In their new editorial, the editors of the Journal of Operations Management highlight five important issues, “many of which continue to be reasons for rejections in the manuscript review process”. First, “it is time to take causality seriously”. Particularly, authors have to take steps toward correcting for endogeneity or demonstrating exogeneity. Second, “know which rules are worth following”. For example, the yes–no rule that a measure is reliable if Cronbach’s α exceeds 0.7 is no longer recommended. Third, “always understand the tools you use”. Here, authors of PLS-based manuscripts routinely fail to discuss the weaknesses of the estimator. Fourth, “be cautious with claims about common method bias”. Particularly, ex-post techniques (e.g., Harman, 1967) do not have much practical value (see, however, my post about the CFA marker technique). Finally, “stay current on methodological developments”. For example, Baron & Kenny (1986) are widely used, although updated approaches have been published. It seems that the JOM editors no longer send manuscripts to the review process that ignore these issues.
Guide, V., & Ketokivi, M. (2015). Notes from the Editors: Redefining Some Methodological Criteria for the Journal. Journal of Operations Management, 37 https://doi.org/10.1016/S0272-6963(15)00056-X
Are you currently conducting conceptual, qualitative, or survey research? Are you also aiming to publish the results in a top journal? Then I have some tips for you that could bring you one step closer to your goal. These tips can be found in a recent JBL editorial: A Trail Guide to Publishing Success: Tips on Writing Influential Conceptual, Qualitative, and Survey Research. Herein, the authors identify and describe agreed-upon basics that can help to “(1) increase consistency in the review process, (2) reduce publication cycles, and (3) begin to roll back the length of articles”. For three types of research (conceptual, qualitative, and survey research), best practices are presented for crafting articles. I especially like a table with warning signs “that authors are wandering down a perilous path”, which can be used as a check list for your own research. These warning signs might also help reviewers to evaluate the quality of a manuscript.
Fawcett, S., Waller, M., Miller, J., Schwieterman, M., Hazen, B., & Overstreet, R. (2014). A Trail Guide to Publishing Success: Tips on Writing Influential Conceptual, Qualitative, and Survey Research. Journal of Business Logistics, 35 (1), 1-16 https://doi.org/10.1111/jbl.12039
Theory-building empirical research needs formal conceptual definitions. Particularly, such definitions are necessary conditions for construct validity. But what is a “good” formal conceptual definition? In his seminal JOM paper, A Theory of Formal Conceptual Definitions: Developing Theory-building Measurement Instruments, Wacker (2004) presents eight rules for formal conceptual definitions: (1) “Definitions should be formally defined using primitive and derived terms.” (2) “Each concept should be uniquely defined.” (3) “Definitions should include only unambiguous and clear terms.” (4) “Definitions should have as few as possible terms in the conceptual definition to avoid violating the parsimony virtue of ‘good’ theory.” (5) “Definitions should be consistent within the [general academic] field.” (6) “Definitions should not make any term broader.” (7) “New hypotheses cannot be introduced in the definitions.” (8) “Statistical tests for content validity must be performed after the terms are formally defined.” These rules are explained in detail in Wacker’s article. I am convinced that Wacker’s rules lead to better measurement instruments.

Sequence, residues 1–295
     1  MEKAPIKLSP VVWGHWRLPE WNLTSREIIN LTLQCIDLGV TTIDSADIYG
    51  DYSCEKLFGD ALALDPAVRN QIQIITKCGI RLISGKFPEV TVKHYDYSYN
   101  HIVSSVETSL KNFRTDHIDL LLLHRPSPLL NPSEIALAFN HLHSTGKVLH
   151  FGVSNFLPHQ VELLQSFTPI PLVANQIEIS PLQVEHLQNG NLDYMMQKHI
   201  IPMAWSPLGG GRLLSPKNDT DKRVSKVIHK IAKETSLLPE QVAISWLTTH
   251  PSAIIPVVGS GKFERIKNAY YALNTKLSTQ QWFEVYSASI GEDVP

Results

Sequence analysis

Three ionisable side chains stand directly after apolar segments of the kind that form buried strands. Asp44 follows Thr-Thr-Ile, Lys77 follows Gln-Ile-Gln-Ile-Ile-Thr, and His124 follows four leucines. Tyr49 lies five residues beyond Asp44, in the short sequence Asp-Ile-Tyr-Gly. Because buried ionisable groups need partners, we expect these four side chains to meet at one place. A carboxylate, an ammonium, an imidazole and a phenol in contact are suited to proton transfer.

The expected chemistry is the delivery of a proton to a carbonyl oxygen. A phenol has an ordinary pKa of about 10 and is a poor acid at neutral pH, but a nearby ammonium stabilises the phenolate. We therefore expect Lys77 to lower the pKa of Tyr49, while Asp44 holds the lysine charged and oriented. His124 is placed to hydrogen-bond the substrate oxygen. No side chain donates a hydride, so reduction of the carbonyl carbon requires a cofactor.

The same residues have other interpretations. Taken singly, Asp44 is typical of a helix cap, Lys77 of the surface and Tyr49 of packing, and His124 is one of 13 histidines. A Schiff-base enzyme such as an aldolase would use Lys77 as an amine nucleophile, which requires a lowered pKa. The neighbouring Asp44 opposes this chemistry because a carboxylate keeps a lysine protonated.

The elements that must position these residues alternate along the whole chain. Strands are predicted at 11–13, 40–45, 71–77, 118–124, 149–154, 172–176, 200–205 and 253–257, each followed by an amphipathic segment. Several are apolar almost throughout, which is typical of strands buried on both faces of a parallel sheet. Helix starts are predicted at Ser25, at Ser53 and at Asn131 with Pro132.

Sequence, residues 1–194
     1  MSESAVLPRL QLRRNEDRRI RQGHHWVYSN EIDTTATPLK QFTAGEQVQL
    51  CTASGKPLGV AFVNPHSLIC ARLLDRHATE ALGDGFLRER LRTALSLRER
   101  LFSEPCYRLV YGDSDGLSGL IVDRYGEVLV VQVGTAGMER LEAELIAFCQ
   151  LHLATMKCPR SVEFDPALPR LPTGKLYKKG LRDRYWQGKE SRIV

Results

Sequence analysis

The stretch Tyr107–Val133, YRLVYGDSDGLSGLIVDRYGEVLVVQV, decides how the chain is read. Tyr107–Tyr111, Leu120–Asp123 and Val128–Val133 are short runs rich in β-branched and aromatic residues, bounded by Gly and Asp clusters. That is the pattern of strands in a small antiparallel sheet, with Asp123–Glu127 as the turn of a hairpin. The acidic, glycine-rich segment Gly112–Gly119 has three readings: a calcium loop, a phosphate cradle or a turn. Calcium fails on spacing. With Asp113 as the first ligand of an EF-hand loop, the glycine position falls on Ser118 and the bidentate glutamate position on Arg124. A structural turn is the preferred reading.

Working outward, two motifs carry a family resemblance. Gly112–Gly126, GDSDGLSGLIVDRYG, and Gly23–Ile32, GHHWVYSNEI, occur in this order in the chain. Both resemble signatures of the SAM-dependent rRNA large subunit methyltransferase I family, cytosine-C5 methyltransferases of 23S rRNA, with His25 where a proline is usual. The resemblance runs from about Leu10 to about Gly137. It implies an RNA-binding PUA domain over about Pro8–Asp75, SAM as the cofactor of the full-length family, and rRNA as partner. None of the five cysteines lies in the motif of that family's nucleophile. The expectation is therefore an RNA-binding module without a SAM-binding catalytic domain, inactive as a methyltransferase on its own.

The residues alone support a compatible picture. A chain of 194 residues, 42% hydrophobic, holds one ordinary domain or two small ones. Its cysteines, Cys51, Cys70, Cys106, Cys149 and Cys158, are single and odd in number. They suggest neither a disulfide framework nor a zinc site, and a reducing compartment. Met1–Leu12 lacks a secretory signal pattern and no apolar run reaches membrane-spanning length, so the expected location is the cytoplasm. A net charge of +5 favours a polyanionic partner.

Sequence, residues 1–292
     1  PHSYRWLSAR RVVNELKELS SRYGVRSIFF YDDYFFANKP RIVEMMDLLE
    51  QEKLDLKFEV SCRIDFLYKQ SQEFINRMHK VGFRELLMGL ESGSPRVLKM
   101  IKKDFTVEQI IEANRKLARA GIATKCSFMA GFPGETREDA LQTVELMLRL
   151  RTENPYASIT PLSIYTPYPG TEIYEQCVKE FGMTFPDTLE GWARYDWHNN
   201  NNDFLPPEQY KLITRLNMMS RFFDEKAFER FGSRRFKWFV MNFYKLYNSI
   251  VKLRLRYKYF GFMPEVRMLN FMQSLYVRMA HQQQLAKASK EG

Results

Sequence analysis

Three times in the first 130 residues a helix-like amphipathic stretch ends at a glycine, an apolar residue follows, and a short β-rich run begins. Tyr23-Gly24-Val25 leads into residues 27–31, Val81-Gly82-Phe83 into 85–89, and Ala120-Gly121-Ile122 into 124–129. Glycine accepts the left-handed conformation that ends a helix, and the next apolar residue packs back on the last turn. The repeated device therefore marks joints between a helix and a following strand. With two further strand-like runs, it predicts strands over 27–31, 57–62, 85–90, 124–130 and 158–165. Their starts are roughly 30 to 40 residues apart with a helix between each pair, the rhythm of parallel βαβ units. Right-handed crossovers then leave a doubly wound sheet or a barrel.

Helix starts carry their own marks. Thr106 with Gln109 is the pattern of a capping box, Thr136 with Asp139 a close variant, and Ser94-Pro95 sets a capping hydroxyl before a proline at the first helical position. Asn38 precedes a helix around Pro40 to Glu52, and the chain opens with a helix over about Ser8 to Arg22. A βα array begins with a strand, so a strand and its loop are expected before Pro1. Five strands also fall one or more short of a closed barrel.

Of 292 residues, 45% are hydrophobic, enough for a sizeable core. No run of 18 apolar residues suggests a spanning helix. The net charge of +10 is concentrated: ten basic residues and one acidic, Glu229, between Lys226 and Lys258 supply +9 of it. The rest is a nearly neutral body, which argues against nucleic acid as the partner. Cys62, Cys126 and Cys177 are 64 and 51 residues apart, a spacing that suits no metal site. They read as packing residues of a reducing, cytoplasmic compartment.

Wacker, J.G. (2004). A Theory of Formal Conceptual Definitions: Developing Theory-building Measurement Instruments. Journal of Operations Management, 22 (6), 629-650 https://doi.org/10.1016/j.jom.2004.08.002
A few months ago, I presented the Handbook of Management Scales, an online collection of previously used multi-item measurement scales (see post). Quite similar, the Journal of Business Logistics has now published a compendium of multi-item scales utilized in logistics research – a good complement to my collection. The authors, Keller et al. (2013), found that not less than 980 scales were used in four journals related to logistics (IJLM, IJPDLM, JBL, TJ) between 2001 and 2010. It is the merit of the authors to identify and document these scales in an electronic Appendix, which contains “a categorical listing of multi-item scales and the available information concerning the scales’ validity and reliability”. The Appendix is available as a Word document. One can only guess how tedious it was to prepare the compendium. In addition, the authors offer a comparison of scales categories, a comparison with previous results and a comparison between JBL and the Journal of Marketing.
Keller, S.B., Hochard, K., Rudolph, T., & Boden, M. (2013). A Compendium of Multi-Item Scales Utilized in Logistics Research (2001–10): Progress Achieved Since Publication of the 1973–2000 Compendium. Journal of Business Logistics, 34 (2) DOI: 10.1111/jbl.12011
Nobel laureates rarely publish articles in journals within the supply chain arena. Vernon L. Smith was awarded the 2002 Nobel Memorial Prize in Economic Sciences “for having established laboratory experiments as a tool in empirical economic analysis, especially in the study of alternative market mechanisms”. In its recent issue, the Journal of Business Logistics had the great privilege to publish an article by Cary Deck and him, in which these ideas were applied to our field: Using Laboratory Experiments in Logistics and Supply Chain Research. It goes without saying that this article is certainly a must-read for SCM researchers, particularly, as the use of laboratory experiments has attracted some attention in our field. In their article, Deck and Smith highlight “several examples where experiments have been used to study issues relevant to logistics and supply chain management” and identify “several additional areas where laboratory experiments could be informative”.
Deck, C. & Smith, V. (2013). Using Laboratory Experiments in Logistics and Supply Chain Research. Journal of Business Logistics, 34 (1), 6-14 DOI: 10.1111/jbl.12006